As in the enterprise, one of the first questions analytics-driven sports teams must answer for themselves is what data they need to gather and analyze, and in what quantity.
There are technologies today that allow teams to capture an immense number of data points -- optical tracking of player movement on the basketball court, for instance, which captures 25 frames per second. But it's still a jungle out there, and CIOs need to make sure their organizations are collecting the right quantitative data and qualitative data from the get-go.
That's where having data scientists and analysts on your IT staff becomes critical. These individuals are trained not only in knowing what quantitative and qualitative data to collect, but also in the way to properly analyze this information to extract the most business value. As CIO, make sure you and your data analytics experts know how to apply their metrics to improving your IT operations.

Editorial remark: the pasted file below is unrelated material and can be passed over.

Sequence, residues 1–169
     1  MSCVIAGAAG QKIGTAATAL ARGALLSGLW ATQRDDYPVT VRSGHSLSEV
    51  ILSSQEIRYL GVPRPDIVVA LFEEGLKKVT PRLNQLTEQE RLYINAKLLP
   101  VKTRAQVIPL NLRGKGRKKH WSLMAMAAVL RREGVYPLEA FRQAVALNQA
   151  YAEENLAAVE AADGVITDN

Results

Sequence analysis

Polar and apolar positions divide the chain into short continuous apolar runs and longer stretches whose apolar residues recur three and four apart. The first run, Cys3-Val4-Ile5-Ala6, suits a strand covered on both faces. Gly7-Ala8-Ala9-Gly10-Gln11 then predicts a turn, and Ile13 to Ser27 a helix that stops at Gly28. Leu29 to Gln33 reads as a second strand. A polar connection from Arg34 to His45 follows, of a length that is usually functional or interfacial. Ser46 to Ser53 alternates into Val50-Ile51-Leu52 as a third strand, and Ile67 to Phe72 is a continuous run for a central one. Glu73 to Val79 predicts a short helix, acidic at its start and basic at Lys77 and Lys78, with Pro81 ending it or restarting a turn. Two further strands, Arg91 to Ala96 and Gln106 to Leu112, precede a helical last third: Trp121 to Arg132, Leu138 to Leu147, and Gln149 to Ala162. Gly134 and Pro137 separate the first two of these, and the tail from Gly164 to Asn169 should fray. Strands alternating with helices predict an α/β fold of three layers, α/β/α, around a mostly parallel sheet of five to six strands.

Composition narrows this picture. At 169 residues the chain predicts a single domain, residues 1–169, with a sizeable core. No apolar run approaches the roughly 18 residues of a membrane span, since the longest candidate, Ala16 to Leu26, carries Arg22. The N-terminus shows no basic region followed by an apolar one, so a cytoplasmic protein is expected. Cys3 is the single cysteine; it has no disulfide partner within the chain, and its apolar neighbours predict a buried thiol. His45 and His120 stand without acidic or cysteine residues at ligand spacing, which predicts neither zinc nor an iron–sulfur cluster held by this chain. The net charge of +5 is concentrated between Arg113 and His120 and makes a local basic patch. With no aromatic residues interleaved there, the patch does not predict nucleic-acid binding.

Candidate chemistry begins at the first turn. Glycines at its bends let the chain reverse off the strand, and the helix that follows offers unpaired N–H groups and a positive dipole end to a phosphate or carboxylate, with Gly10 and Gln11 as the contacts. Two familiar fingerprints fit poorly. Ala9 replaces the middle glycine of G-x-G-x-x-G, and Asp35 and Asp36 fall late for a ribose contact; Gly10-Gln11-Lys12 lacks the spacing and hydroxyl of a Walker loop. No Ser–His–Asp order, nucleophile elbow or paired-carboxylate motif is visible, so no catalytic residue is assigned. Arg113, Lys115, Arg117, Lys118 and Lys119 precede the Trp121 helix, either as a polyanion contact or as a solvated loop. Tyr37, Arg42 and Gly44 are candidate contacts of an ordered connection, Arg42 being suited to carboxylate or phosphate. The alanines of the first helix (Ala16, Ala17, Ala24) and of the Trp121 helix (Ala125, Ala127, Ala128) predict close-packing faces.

But in your effort to be conscientious, don't over-collect quantitative or qualitative data, either. Take it from Nate Silver, the much-celebrated statistician and New York Times contributor who correctly predicted nearly 100% of the voting results of the 2012 U.S. presidential election. "In almost any field, there are diminishing returns as you add complexity to an analytics model," he said during a presentation at this year's MIT Sloan Sports Analytics Conference.
Stan Van Gundy, a former NBA head coach of the Orlando Magic and Miami Heat, made similar rumblings, noting that "cluttered minds" make for "slow feet" on the basketball court.
In other words: Be smart in what you collect and analyze. Bog down your people with numbers and metrics they don't need, and their productivity and IT innovation might screech to a halt.